National Unity, Ethnic Diversity and The Islamic Republic of Iran

First Name: 
Rasmus Christian
Last Name: 
Institutional Affiliation : 
University of Copenhagen
Academic Bio: 
R.C. Elling is a Ph.D. candidate with a research project on the politics of ethnic and national identity in post-revolutionary Iran. He has taught Persian language, Iranian history, Afghanistan & Central Asia's modern history and Middle East Studies at the University of Copenhagen. He has traveled and lived in Iran and the Middle East. His recent works include 'State of Mind, State of Order: Reactions to Ethnic Unrest in the Islamic Republic Iran' (Studies in Ethnicity and Nationalism, Vol. 8, No. 3, 2008).

Since the wave of late-1990s reformism, Iran has witnessed an emerging ethnic mobilization among the many minorities that make up almost half of the Iranian society.

Signs include a surge of interest in minority languages, histories and cultures; ethnic unrest and public displays of discontent; demands for cultural rights and autonomy; a lively but limited ethno-nationalist discourse; and an acute anxiety among political leaders, intellectuals and in the public of threats to established notions of Iranian-ness and territorial integrity. The place of this topic in the presidential election campaigns in 2009 clearly showed that ethnicity is no longer a taboo but indeed at the center of the discussion on Iran’s future.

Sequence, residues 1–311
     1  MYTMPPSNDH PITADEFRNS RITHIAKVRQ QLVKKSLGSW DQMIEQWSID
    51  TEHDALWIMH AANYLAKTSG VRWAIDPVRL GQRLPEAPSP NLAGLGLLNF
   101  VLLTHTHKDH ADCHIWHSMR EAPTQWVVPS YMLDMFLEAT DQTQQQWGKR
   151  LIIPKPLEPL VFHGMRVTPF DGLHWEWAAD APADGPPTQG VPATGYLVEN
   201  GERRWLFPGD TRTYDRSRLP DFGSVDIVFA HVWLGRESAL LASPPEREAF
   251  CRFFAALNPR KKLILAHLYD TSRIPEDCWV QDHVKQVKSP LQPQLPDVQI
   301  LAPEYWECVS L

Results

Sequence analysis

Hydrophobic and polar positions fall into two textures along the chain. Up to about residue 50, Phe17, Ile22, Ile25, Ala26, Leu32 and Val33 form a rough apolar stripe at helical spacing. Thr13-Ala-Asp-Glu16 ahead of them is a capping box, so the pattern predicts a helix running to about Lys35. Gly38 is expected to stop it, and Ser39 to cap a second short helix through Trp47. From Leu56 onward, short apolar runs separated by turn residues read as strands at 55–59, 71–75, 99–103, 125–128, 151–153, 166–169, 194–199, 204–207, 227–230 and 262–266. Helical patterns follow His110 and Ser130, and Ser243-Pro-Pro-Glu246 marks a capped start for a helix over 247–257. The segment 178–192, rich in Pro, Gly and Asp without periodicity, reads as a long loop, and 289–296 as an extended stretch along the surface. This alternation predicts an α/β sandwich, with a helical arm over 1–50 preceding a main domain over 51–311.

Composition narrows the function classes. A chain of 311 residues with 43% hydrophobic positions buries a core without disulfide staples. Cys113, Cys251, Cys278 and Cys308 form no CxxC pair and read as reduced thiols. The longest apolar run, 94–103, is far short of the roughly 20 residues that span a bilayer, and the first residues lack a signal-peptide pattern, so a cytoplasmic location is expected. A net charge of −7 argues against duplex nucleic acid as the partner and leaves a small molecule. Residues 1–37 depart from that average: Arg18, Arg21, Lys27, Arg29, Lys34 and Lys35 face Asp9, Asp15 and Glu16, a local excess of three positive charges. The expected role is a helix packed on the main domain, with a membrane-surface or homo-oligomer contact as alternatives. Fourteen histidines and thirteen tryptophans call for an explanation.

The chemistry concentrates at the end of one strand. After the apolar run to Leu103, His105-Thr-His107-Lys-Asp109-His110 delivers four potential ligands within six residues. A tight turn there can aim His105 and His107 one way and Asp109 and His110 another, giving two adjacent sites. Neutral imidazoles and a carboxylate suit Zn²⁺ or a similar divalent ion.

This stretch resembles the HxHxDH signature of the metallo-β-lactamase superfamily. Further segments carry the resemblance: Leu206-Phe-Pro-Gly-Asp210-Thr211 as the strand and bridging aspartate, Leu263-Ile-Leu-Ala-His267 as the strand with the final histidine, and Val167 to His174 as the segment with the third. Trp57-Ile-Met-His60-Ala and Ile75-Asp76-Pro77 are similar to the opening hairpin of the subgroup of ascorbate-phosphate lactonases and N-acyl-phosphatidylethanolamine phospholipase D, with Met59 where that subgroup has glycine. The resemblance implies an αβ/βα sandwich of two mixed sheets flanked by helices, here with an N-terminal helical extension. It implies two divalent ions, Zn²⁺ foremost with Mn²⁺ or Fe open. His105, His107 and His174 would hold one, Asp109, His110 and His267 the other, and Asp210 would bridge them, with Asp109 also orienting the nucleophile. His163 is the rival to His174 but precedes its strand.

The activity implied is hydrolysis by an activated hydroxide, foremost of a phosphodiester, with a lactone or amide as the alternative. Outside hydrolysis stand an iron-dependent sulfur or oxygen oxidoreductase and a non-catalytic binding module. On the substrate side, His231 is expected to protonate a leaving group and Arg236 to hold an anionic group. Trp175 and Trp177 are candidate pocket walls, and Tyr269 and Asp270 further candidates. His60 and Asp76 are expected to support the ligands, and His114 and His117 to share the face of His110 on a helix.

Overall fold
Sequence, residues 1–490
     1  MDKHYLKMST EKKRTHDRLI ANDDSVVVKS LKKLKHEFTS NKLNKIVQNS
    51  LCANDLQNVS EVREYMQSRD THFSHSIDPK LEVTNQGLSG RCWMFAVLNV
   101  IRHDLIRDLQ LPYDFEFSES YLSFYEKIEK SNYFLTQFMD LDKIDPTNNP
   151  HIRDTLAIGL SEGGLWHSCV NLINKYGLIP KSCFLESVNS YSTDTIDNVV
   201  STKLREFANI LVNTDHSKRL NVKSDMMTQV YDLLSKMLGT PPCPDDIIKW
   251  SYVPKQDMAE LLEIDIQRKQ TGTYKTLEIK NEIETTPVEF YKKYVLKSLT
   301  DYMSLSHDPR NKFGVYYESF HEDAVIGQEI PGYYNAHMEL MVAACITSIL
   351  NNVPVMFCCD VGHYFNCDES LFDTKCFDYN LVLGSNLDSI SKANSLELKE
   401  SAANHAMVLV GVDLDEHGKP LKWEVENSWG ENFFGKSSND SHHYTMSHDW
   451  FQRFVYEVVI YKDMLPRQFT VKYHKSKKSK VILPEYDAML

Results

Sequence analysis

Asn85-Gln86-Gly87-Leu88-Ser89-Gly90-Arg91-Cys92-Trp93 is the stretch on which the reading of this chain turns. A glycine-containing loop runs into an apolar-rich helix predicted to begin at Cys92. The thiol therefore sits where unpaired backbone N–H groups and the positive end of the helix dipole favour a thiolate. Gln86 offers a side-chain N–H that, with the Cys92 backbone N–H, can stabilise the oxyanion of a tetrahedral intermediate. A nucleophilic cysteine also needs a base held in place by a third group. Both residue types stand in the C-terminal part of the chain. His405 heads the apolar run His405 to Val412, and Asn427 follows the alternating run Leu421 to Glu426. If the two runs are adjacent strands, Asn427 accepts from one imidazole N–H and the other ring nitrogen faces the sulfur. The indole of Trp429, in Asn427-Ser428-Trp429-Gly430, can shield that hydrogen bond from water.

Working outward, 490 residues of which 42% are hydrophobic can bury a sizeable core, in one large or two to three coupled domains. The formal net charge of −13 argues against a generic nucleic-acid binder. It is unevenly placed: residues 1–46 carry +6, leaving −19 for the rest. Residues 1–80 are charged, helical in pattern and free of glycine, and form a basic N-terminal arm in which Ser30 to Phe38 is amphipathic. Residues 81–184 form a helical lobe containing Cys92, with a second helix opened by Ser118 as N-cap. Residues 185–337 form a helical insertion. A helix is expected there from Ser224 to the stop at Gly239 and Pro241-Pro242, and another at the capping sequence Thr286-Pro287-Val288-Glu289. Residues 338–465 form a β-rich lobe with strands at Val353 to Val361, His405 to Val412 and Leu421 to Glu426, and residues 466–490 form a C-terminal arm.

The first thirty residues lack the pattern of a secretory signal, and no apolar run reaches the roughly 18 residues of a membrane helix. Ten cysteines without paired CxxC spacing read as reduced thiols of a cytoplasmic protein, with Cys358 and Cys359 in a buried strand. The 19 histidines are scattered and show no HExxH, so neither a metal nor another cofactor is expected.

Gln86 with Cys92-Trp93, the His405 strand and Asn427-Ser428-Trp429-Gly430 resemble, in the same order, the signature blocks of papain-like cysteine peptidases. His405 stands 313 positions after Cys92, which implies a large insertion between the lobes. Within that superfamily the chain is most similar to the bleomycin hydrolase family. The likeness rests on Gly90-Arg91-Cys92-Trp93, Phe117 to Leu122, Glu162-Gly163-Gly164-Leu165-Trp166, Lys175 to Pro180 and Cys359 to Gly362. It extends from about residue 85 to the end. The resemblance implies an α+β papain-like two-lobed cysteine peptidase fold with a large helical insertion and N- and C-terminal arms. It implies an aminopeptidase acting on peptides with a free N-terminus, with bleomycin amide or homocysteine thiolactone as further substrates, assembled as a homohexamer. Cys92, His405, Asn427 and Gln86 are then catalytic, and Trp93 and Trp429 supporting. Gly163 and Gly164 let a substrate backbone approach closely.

The general response of both secular-nationalist intellectuals and rulers of the Islamic Republic has often been to conflate ethno-political demands with separatism or anti-Iranian activity. This paper will explore more constructive views. The main argument is that while minority cultural rights should be recognized and granted, there is also a need to protect national unity and the territorial integrity of Iran. The opposite – a mounting crisis and the possibility of ethnic, sectarian and transnational strife – could result in cataclysmic violence and regional war.

Thus, this paper will seek to identify some of the obstacles to achieving ethno-cultural rights and minority self-determination while maintaining Iran’s national unity and integrity – in particular the political, ideological and socio-cultural barriers for attaining unity and diversity. After all, ethnic minority rights are inscribed in the Iranian constitution and Unity Within Diversity (vahdat dar ‘eyn-e kesrat) was actually one of Khomeini’s central slogans. The question then is: why do some feel that this slogan has not been translated into policy?

Instead of federalism/separatism (proposed by some minority intellectuals) and instead of a Persian-centered Iranian nationalism (reminiscent of the Pahlavi era), Iran will need a third way to balance ethnic diversity with national unity. The consequences of failure to identify this third way can have dire consequences for the stability and security of Iranian society.

Academic Discipline : 
Political Science
Time Period : 

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